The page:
As the Ukrainian army continues to liberate land from Russian occupation, a new narrative is beginning to take hold. It argues that a Ukrainian victory may drive Vladimir Putin from power, and that a post-Putin Russia will be even worse. Projections for this future Russia run from a more Stalinist successor to civil war and the collapse of the Russian Federation itself.
Fears over the consequences of a Russian defeat are fueling support for the idea that we must not humiliate Putin and should instead seek to end the war via a negotiated settlement. There are many adherents to this approach at the highest levels of NATO. Such a settlement would, of course, leave Putin in possession of at least some Ukrainian territory, despite defeats and reverses on the battlefield. Paradoxically, Putin could lose and still win.
In fact, the most dire scenarios for a post-Putin Russia are not the most likely. Should Putin fall, whoever follows him would be forced to consider some hard realities.
A comprehensive defeat in Ukraine would argue strongly against continued revanchism and aggression by any successor, especially when such actions precipitated Putin’s downfall. Meanwhile, economic distress would prevent the rearming of the depleted and demoralized Russian military. With a GDP one-twentieth the size of NATO’s, Russia does not possess the resources to continue endlessly confronting the West.
Reaching out for help from China, Iran, or North Korea is also unlikely to help Putin’s successor. Iran and North Korea are economic lightweights whose defense sectors are a generation or more behind the West.
China has a long and difficult history with Russia in the Far East and, over the long term, is a much greater threat to Russian interests. Siberia is both thinly populated and endowed with enormous energy, timber, and mineral resources. China has long cast a covetous eye toward the region. Beijing is well aware that Moscow’s ability to defend its enormous borders is minimal, and that encouraging Russian dependence on Chinese economic and military assistance will lead to Chinese dominance and control.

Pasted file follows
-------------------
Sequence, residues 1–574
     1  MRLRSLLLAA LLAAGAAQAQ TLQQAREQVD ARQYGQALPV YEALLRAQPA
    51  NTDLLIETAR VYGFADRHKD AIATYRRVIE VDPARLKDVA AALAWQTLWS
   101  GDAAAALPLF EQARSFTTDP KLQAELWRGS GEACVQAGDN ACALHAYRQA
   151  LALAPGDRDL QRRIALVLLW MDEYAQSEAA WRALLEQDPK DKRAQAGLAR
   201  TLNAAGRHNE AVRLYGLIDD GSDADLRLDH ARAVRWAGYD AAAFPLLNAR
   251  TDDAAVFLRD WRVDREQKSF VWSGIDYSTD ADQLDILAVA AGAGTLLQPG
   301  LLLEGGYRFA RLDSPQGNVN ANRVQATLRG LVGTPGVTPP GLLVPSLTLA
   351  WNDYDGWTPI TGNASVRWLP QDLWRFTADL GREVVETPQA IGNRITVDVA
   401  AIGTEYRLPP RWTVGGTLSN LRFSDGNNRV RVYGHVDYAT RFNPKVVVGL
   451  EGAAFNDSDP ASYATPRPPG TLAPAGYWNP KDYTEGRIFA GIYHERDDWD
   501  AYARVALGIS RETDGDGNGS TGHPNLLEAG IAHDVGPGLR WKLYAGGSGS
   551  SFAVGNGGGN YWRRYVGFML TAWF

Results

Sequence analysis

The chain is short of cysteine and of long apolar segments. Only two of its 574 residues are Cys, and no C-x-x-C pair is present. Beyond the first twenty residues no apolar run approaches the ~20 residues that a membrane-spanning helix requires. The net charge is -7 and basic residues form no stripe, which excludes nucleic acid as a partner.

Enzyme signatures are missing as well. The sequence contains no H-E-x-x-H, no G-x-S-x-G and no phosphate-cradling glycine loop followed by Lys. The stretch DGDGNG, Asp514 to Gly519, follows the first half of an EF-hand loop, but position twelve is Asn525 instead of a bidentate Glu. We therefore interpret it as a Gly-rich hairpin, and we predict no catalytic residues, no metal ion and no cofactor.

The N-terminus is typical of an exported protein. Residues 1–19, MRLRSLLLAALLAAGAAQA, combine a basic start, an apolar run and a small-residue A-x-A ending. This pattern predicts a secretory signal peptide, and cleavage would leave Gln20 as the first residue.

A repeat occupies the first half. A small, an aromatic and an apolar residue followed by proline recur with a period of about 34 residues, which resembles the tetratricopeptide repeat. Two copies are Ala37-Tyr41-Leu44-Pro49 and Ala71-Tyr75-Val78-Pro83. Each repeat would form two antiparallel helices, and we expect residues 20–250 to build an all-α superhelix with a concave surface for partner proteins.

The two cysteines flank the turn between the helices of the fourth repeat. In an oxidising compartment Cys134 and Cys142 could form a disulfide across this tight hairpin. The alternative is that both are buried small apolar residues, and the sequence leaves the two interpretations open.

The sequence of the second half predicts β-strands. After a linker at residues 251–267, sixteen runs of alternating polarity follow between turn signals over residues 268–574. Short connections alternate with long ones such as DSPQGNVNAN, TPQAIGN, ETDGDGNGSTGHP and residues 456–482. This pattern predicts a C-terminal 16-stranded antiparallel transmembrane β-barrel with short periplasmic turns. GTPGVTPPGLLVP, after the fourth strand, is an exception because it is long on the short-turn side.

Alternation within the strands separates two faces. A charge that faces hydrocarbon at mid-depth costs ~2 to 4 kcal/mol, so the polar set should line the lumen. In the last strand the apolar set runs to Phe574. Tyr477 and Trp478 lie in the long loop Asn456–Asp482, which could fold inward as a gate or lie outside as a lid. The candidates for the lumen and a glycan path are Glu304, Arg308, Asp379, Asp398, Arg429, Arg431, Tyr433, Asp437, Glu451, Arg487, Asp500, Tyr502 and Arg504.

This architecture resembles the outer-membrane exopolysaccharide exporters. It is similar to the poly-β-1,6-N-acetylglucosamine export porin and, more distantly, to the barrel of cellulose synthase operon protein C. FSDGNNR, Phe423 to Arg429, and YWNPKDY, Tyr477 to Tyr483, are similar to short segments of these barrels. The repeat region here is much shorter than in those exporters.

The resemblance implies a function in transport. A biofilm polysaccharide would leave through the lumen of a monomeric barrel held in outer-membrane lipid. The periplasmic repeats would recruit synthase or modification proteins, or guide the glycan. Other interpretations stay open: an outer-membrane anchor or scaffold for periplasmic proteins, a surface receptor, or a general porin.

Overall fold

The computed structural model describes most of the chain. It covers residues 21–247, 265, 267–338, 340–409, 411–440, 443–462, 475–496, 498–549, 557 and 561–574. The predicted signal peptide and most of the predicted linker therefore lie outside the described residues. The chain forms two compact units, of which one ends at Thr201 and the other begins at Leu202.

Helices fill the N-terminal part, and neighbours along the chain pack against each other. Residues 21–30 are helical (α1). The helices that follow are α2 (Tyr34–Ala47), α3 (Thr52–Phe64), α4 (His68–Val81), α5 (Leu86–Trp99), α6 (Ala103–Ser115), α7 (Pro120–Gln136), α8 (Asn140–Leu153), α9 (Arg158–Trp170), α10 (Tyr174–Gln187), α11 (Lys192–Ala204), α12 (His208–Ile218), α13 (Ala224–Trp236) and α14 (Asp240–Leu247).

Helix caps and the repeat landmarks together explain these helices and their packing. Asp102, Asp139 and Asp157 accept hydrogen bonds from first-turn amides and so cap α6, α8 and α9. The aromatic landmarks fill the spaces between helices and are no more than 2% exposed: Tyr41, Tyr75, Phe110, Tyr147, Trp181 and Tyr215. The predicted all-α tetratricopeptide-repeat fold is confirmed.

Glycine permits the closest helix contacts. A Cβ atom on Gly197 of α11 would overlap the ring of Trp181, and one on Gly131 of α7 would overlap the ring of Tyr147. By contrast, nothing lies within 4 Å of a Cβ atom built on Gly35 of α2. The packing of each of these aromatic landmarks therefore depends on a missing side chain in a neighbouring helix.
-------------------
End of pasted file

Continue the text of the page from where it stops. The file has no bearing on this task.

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For any successor regime, sanctions relief and reestablishing a sound economy based on energy sales and commodities exports will be a top priority, not more war and crisis. Putin’s extraordinary aggression is driving Europe away from Russian energy and toward alternate sources, killing the golden goose that enabled Russia to escape from the economic weakness of the 1990s. Russia’s economic future lies in closer integration with the West and the international community, not deeper isolation. However attractive it may be to autocrats, the North Korean model will not appeal to the Russian people.
Inside Russia’s power vertical, elites will wish to move away from an environment where fear of imprisonment or assassination has become the rule. If Putin is removed from power, self-preservation on the part of Russia’s oligarchs, generals, and senior functionaries will be a primary driver. Few will want to return to an environment of fear and distrust. Any new leadership will be mindful of the reasons behind Putin’s fall and will likely take heed. Just as the Politburo moved to end the terror following Stalin’s death, a return to normalcy and stability will likely be a high priority in a post-Putin environment.